Before diving into how high cholesterol is acquired, let us first discuss the importance of cholesterol in the body.
What is Cholesterol?
When you hear the word cholesterol, you assume that it connotes something unhealthy. In truth, however, cholesterol is responsible for building healthy cell tissues and certain hormones, making it essential to the body.
Cholesterol may come from your liver or from the food you eat, such as eggs, meats, and dairy.
Types of Cholesterol
Cholesterol is attached to the protein that is carried in the blood. The combination of cholesterol and protein is called a lipoprotein. There are two types of cholesterol based on their lipoproteins.
- Low-density lipoprotein (LDL) or bad cholesterol. LDL delivers cholesterol particles into the body. However, LDL tends to build up in the walls of the arteries slowing down blood circulation.
- High-density lipoprotein (HDL) good cholesterol. HDL carries excess cholesterol back to the liver.
Factors like an unhealthy diet, lack of physical activity, and obesity can increase the level of LDL in the body. As LDL continues to multiply, there is a higher risk of acquiring high cholesterol and a decrease in HDL.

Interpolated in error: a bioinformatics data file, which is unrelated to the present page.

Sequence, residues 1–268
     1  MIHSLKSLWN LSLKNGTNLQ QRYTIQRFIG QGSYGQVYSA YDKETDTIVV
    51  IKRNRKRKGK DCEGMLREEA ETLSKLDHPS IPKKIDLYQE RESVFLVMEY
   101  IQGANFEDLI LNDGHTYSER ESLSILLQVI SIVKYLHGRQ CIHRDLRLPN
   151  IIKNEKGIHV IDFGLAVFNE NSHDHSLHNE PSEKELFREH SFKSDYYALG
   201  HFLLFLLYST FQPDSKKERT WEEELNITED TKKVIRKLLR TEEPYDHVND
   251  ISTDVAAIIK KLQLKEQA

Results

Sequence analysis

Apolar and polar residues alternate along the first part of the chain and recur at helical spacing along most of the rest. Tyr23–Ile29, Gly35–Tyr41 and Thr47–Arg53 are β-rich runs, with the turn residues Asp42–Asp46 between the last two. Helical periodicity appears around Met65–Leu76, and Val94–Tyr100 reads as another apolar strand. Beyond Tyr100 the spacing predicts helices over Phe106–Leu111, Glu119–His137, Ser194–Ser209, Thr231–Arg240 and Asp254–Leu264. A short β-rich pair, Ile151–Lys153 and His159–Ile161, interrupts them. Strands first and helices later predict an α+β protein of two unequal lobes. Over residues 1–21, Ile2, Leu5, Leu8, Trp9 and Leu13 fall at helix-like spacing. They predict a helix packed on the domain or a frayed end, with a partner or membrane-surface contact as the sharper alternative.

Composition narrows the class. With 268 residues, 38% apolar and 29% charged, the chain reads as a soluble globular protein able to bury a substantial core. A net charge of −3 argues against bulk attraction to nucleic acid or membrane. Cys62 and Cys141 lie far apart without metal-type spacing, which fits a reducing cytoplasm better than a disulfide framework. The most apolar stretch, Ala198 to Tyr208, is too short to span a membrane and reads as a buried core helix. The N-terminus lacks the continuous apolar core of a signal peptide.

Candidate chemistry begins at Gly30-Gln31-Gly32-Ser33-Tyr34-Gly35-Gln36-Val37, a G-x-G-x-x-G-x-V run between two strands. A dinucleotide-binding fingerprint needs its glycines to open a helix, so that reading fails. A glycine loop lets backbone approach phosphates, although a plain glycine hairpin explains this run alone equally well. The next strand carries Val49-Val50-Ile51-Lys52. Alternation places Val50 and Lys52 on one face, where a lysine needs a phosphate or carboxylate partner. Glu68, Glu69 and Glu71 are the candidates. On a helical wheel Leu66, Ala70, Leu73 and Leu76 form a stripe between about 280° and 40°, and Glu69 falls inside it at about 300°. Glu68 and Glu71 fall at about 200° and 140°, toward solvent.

When LDL grows in number, it will start to form a “plaque” on the walls of the arteries, restricting blood flow. This occurrence might put you at risk of severe complications of high cholesterol, such as stroke and heart disease.
Fatty deposits can build up in your blood vessels when you have high cholesterol. When these deposits pile up, it slows down the blood flow in the arteries.
High cholesterol is most often caused by unhealthy lifestyle choices such as overeating, poor diet, and inactivity. Changing your bad habits can make your condition reversible and treatable.
You may also acquire high cholesterol from genetics. If your family has a history of stroke, heart attack, and other vascular diseases, you may be more prone to having high cholesterol. Fortunately, even with a family history, there are numerous ways to manage your condition.
You may choose to make better lifestyle choices and avoid habits that increase your risk of acquiring high cholesterol. This includes not smoking, avoiding fatty, unhealthy fast-food or processed meats, exercising regularly, and reducing stress. Regardless of condition, a healthier lifestyle can greatly benefit your health. Healthy living can cure or alleviate certain symptoms and prevent the development or worsening of certain health problems. In addition, maintaining a healthy lifestyle will lessen your chances of dealing with the complications of high cholesterol.